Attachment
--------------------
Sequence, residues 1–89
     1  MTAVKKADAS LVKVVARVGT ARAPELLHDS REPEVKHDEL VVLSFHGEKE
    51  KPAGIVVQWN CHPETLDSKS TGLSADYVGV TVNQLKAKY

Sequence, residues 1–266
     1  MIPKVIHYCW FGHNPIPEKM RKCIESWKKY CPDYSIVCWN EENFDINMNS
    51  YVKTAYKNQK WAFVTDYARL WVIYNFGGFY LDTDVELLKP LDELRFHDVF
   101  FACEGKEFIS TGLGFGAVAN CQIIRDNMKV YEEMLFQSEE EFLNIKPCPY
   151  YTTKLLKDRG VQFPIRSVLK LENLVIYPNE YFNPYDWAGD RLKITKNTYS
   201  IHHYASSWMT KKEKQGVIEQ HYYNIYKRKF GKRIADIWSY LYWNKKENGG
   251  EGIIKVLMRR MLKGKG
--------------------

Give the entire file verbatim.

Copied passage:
Sequence, residues 1–89
     1  MTAVKKADAS LVKVVARVGT ARAPELLHDS REPEVKHDEL VVLSFHGEKE
    51  KPAGIVVQWN CHPETLDSKS TGLSADYVGV TVNQLKAKY

Sequence, residues 1–266
     1  MIPKVIHYCW FGHNPIPEKM RKCIESWKKY CPDYSIVCWN EENFDINMNS
    51  YVKTAYKNQK WAFVTDYARL WVIYNFGGFY LDTDVELLKP LDELRFHDVF
   101  FACEGKEFIS TGLGFGAVAN CQIIRDNMKV YEEMLFQSEE EFLNIKPCPY
   151  YTTKLLKDRG VQFPIRSVLK LENLVIYPNE YFNPYDWAGD RLKITKNTYS
   201  IHHYASSWMT KKEKQGVIEQ HYYNIYKRKF GKRIADIWSY LYWNKKENGG
   251  EGIIKVLMRR MLKGKG